Kavarna is a small Black Sea resort town in northeastern Bulgaria. Although I didn’t make it as far as the beach, I stopped and took a quick look at the town on my way to visit nearby Cape Kaliakra. I don’t know if I visited on the wrong day. The town was pleasant to walk through but quite dead. I don’t think I saw more than a few people on the street.
I pretty much stuck to the pedestrian street of bulevard Dobrotitsa. The first section was a large main square with a fountain. I was surprised to see a mural of David Coverdale.
I continued down the street and passed the Sveti Georgi Church, which was built in 1836. I walked past empty stores and cafés until I reached another square.
At the square, I saw the Uspenie Bogorodichno Church, built in 1860. Further down the street, I saw the Hristo Gradechliev Art Gallery. It was built in 1910 and used as a Romanian school until 1940. From 1941 to 1979, it was a Bulgarian school. It became an art gallery in 1981. My final stop was at an interesting building.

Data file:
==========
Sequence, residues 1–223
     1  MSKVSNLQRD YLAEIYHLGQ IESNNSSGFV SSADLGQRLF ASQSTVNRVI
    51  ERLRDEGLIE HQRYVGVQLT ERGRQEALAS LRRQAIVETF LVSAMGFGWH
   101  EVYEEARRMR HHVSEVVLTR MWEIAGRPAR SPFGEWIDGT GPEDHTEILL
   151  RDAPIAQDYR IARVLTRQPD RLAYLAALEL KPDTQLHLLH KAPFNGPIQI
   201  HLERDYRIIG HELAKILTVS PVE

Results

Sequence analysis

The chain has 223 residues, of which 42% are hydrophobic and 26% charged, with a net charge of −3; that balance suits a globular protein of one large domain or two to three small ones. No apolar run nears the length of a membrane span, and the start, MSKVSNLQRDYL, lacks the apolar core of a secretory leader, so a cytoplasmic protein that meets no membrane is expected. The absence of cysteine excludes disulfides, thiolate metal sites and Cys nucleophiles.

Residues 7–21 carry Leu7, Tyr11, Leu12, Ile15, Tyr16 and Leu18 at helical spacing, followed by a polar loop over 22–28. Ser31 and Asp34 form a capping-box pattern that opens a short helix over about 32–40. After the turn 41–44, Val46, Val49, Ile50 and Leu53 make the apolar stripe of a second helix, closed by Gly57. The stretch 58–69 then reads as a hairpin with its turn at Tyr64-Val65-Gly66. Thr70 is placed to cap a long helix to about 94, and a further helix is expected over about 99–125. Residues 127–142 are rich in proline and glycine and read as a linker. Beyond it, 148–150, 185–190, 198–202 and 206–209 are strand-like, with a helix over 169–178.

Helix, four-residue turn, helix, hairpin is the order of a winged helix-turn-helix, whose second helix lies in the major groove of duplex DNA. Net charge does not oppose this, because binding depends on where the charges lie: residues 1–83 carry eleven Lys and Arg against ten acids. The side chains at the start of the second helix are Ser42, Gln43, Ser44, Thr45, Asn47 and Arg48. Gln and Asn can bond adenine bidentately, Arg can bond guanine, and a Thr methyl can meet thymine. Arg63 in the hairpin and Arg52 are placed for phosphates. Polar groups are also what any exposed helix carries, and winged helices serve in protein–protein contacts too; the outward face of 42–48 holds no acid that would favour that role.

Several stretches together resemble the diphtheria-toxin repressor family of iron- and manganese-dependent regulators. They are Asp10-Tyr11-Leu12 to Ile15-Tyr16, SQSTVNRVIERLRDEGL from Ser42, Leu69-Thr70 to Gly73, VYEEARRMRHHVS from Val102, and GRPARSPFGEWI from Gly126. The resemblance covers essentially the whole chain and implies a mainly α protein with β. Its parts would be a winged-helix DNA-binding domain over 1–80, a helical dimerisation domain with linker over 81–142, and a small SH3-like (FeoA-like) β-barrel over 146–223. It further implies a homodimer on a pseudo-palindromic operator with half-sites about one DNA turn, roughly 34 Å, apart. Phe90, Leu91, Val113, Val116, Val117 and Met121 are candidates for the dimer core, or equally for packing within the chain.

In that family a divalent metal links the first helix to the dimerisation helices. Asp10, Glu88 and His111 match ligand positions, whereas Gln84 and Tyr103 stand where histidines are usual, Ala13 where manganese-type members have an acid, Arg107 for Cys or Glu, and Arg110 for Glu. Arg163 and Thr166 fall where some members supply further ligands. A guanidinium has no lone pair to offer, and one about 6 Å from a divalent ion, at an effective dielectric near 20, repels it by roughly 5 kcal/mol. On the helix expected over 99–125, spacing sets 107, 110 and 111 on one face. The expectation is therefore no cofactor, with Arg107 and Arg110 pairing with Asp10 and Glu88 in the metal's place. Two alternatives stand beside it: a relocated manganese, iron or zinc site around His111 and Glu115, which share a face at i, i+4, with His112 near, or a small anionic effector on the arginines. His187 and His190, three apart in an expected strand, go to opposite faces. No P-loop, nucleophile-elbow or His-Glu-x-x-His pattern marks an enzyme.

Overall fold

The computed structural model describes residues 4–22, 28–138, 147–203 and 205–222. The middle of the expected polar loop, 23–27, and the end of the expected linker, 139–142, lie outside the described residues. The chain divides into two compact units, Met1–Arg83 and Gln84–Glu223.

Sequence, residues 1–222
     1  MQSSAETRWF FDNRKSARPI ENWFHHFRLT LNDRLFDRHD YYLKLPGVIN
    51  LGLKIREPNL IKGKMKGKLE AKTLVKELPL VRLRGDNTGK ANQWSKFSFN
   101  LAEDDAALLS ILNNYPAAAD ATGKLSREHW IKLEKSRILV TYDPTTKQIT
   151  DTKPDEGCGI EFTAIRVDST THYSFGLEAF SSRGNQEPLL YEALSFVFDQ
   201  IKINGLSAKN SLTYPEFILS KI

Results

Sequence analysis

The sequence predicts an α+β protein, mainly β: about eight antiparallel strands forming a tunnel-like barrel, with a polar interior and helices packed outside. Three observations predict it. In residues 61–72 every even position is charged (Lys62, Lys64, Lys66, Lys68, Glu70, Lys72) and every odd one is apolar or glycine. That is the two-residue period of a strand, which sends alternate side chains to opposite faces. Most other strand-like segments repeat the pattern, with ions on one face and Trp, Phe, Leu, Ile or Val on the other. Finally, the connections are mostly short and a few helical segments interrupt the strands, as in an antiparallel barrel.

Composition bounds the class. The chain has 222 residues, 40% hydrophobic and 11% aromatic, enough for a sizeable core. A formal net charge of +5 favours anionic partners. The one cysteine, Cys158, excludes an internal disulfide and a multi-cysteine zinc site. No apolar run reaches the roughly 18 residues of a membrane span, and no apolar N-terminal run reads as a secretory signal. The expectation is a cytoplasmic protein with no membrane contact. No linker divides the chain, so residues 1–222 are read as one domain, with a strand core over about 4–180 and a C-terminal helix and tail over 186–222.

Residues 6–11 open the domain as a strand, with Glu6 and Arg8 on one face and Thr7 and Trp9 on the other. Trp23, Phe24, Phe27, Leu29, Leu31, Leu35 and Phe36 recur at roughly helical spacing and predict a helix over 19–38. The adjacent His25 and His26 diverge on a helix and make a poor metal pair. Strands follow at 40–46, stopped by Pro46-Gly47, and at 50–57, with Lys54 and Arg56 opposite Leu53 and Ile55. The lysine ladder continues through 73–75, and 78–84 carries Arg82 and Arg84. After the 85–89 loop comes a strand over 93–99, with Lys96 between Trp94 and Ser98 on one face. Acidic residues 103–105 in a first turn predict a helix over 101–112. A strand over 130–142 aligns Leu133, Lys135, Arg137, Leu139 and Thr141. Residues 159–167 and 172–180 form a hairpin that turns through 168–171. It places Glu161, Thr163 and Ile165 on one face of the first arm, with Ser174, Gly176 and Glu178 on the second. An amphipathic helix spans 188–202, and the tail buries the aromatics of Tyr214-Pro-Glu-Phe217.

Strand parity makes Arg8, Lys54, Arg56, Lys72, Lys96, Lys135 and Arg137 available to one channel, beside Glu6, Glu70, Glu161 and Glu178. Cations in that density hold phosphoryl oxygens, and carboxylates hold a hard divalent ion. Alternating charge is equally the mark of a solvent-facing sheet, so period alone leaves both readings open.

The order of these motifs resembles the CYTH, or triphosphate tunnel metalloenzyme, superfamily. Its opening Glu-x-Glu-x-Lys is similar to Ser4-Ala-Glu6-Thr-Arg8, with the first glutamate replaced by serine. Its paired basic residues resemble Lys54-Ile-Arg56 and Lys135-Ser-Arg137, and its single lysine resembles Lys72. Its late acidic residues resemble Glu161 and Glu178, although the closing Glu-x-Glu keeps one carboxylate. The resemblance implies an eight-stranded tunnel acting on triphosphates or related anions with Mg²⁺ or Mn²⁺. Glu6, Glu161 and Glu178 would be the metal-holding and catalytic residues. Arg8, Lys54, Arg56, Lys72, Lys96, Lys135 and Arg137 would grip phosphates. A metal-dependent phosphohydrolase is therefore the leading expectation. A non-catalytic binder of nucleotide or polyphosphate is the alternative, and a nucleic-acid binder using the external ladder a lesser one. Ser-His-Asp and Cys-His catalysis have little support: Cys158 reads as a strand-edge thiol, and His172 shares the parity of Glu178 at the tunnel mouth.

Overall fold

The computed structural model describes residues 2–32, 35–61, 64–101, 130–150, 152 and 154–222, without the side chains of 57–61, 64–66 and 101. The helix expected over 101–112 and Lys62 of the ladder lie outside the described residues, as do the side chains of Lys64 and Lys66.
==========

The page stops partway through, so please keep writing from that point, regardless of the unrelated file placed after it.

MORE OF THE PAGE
Kavarna has a couple museums that I had no idea about until after I left. They are an ethnographic museum and a maritime museum and are located not too far from Sveti Georgi Church.
Surprisingly, this quiet town is the host of an annual heavy metal and rock festival, Kavarna Rock Fest. It takes place at Kavarna Stadium and has been held since 2006. That might explain the David Coverdale mural.
Kavarna has an interesting history. It was originally the Ancient Greek city of Vyzoni (Βιζώνη) until it was destroyed by an earthquake and fell into the sea in the 1st century BC. It was rebuilt by the Romans, sacked by the Bulgurs, and destroyed and rebuilt by the Ottomans. Kavarna was part of Romania from 1913 to 1916 and again from 1919 to 1940. There’s a significant population of Gagauz people there.
Kavarna is easy to reach by bus from Varna. It takes a little over an hour. If visiting Cape Kaliakra, you can hire a taxi round-trip including waiting time from Kavarna.